Will Health Care Debate Lure Kitzhaber Back?

National health care reform may soon shape Oregon’s political landscape for 2010. It’s a story about screws, salmon and summer.

When a screw penetrates a piece of wood, what direction is the screw traveling? It’s moving in two directions at once. The pointy tip is moving straight into the wood, while the thread is forcing the screw to spin. I learned from an engineering textbook that this is called a “dual vector thrust” and it’s why screws hold things together better than nails. Fortunately for me, this was explained on page five of the book, because I didn’t understand anything after page six.

Greek philosopher Archimedes documented the physics of the dual vector thrust in the third century before Christ. He used his design to make water travel uphill, which is a pretty neat trick when you think about it.

Oregonians know something about moving against the tide, pushing the rope, defying gravity. It’s not for nothing that wild salmon capture our imagination so deeply, boldly swimming upstream to spawn. What the Archimedes screw does mechanically, a salmon does instinctively.

Oregonians have earned a reputation for moving against the tide. The Oregon Health Plan represented the nation’s first attempt at rethinking how public health care funds are distributed.

State legislators and Governor Kulongoski have devised a clever and economical plan to add 85,000 new recipients to Oregon Health Plan’s rolls this summer. But beware. That which Salem giveth, Salem can taketh away.

When times are good or when the votes are there, the state has financed OHP’s expansion. When the economy slows, the needs across the state go up but the plan usually contracts. As anyone who has dieted or undergone physical therapy can attest, health care progress is more easily lost than gained. Getting well is like swimming upstream.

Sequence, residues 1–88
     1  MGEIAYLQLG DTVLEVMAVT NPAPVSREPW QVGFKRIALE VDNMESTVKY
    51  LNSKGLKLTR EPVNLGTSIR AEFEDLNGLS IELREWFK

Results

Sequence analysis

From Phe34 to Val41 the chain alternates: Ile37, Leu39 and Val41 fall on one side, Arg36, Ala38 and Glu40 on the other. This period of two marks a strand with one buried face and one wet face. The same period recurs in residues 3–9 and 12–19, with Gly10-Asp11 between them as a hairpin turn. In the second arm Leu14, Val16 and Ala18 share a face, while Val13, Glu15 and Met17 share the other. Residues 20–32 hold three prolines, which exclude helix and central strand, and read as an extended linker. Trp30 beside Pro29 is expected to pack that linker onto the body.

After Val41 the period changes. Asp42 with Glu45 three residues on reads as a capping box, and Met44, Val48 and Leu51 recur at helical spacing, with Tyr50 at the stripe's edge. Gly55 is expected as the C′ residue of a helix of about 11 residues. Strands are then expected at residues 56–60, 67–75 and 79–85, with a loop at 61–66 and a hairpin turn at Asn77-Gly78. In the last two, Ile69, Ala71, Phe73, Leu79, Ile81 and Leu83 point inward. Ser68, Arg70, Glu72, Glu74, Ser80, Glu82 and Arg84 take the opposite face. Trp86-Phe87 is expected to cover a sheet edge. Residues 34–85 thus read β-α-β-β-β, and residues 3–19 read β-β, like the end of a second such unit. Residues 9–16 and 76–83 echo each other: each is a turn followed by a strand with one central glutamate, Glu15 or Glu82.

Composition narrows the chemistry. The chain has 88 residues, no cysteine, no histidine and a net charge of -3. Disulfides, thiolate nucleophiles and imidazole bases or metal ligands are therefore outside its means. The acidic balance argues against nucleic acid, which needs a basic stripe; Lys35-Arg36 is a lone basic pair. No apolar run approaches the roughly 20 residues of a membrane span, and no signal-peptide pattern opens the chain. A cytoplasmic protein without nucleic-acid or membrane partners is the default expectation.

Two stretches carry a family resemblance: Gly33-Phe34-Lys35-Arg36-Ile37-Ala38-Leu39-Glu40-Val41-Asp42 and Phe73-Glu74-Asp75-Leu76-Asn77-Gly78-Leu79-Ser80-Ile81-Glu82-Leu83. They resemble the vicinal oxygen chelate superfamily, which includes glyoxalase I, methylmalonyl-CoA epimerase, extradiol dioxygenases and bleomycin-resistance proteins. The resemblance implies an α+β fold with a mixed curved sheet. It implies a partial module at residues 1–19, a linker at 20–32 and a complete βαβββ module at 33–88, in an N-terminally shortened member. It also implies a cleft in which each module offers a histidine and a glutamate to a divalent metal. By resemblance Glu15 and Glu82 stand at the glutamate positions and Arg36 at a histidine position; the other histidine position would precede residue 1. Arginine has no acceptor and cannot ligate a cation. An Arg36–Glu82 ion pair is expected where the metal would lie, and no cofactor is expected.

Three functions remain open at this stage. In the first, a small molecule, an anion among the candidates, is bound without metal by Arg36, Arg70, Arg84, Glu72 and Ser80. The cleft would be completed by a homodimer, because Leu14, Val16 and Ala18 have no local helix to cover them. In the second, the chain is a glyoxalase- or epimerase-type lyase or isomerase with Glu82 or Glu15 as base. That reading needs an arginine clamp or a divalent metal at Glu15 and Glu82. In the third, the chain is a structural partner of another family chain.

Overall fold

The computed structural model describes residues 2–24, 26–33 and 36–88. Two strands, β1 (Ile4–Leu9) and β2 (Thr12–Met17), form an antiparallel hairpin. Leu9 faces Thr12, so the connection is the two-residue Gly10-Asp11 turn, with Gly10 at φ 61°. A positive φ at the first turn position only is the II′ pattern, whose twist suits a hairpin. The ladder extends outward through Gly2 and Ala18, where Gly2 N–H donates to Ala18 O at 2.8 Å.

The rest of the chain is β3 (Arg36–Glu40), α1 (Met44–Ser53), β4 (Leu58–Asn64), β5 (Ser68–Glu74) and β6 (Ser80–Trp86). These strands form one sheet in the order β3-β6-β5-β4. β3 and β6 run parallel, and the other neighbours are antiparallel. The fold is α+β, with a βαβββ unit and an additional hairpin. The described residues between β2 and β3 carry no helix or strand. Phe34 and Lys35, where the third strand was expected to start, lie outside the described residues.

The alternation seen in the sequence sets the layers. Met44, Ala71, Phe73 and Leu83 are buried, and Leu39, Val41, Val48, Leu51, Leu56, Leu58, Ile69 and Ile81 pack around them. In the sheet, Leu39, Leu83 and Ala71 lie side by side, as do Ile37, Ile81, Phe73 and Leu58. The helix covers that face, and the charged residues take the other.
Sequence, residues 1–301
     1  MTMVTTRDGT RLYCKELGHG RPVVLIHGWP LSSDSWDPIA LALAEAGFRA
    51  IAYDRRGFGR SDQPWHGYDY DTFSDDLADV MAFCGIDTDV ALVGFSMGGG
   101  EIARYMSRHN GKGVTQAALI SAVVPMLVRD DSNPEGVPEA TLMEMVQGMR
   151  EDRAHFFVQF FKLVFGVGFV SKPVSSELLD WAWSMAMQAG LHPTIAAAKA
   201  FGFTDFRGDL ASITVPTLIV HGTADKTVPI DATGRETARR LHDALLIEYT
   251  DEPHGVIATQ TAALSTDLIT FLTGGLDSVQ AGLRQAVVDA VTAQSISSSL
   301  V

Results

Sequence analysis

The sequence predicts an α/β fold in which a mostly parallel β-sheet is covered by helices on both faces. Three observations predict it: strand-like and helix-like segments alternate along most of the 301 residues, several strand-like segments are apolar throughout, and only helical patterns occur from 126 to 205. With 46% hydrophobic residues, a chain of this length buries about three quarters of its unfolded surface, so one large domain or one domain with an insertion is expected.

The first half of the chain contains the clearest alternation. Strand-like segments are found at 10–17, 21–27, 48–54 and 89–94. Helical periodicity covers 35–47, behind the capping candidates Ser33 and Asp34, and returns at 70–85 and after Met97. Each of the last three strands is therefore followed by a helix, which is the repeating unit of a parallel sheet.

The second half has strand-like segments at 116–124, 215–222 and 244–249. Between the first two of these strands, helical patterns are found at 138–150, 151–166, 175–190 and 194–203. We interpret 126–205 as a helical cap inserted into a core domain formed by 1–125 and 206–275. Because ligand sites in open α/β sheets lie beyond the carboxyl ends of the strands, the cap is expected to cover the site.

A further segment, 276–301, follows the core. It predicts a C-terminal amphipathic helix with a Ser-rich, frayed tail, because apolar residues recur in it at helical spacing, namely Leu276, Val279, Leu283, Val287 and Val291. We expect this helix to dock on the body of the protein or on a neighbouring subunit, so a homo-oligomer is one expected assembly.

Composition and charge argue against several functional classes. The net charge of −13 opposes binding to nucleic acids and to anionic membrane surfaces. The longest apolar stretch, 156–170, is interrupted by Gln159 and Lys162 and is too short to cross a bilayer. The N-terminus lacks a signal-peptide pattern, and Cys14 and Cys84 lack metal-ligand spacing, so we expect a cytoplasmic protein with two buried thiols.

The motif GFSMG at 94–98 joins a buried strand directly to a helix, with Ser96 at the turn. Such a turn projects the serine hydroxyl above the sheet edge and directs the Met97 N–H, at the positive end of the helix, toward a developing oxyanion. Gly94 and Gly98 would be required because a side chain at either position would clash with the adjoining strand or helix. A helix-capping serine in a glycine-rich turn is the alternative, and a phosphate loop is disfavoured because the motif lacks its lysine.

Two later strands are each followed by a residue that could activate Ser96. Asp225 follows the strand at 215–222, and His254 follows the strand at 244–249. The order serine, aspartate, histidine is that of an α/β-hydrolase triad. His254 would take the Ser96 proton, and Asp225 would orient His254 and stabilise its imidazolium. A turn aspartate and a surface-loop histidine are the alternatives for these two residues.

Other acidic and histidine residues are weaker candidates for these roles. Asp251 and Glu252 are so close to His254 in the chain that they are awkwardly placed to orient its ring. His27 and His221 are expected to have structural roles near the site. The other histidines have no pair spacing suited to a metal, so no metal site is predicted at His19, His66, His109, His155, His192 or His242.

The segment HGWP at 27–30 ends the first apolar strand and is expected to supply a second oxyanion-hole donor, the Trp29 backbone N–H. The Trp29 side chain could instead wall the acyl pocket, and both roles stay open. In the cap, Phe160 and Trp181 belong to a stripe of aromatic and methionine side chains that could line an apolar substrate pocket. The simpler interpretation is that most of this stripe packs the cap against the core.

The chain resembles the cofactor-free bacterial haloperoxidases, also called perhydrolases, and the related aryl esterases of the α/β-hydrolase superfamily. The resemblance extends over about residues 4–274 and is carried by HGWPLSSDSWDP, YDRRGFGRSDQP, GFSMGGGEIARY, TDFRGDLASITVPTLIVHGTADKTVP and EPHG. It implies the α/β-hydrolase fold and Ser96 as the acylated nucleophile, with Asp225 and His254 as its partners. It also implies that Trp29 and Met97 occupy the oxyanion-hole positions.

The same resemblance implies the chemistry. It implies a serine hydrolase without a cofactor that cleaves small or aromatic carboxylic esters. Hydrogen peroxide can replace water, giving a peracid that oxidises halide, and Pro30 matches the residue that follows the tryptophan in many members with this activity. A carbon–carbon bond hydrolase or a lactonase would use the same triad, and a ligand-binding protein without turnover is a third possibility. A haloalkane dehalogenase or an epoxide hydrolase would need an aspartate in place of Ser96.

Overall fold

The Oregon Health Plan has succeeded better at treating acute conditions than chronic ones. It should surprise no one that it was designed originally by a state senator who was also an emergency room doctor.

That man, Dr. John Kitzhaber, went on to be elected governor of Oregon for two terms. He has not dismissed the idea that he may run for a third term in 2010. If he wades into political waters again, we can presume it will be because he believes a doctor and governor and fly-fisherman and Oregonian can help devise a durable solution to the health care delivery system in America.

A durable solution must join together two ideals — the inclusiveness of a single-payer plan with the inventiveness of competing private plans. Efficiency and effectiveness both matter and each contributes to the other. A durable solution requires a dual vector thrust.

Any simple and direct solution will not offer durability. The Oregon Health Plan was a beginning, but not the end. OHP has been an effective nail, but now we need a screw. Only a plan that balances public and private forces can endure the pressures that politics and business will apply to it in the years to come.

Congress and complexity don’t normally go together. So President Obama has shrewdly scheduled this debate for summertime. That’s not the time you’d expect such serious business to be undertaken, but it must be on purpose.

Obama’s Chief of Staff Rham Emanuel was a senior adviser to President Clinton in 1993, when the Clintons’ health care reform package was introduced. The “Harry and Louise” commercials credited with derailing that plan first aired in September, 1993. Emanuel saw how easily the public was frightened by a plan that seemed too complex for regular people to understand. But television commercials won’t have the same influence during the summer, when nobody’s watching television.

Summer itself offers the president another bully stick. Obama and Congressional leaders can make it clear to legislators that passing some sort of bill outlining the reform must be accomplished before they can adjourn for their summer recess. If you’ve ever been in Washington, D.C. in August, you know how powerful a motivator that would be.

Meanwhile, back in Oregon, a seasoned politician and avid fisherman will be watching the debate.

If Congress’s work is done by August and a promising national health care solution has emerged, I’m guessing Kitzhaber will announce from a fishing spot that he’s no longer feeling lured back into a public life. If the work has only begun and Kitzhaber believes Oregon’s experience and reputation could shape the ongoing health care debate, I bet he’ll take the hook.

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Don Kahle (fridays@dksez.com) writes a column each week for The Register-Guard and blogs regularly at www.dksez.com.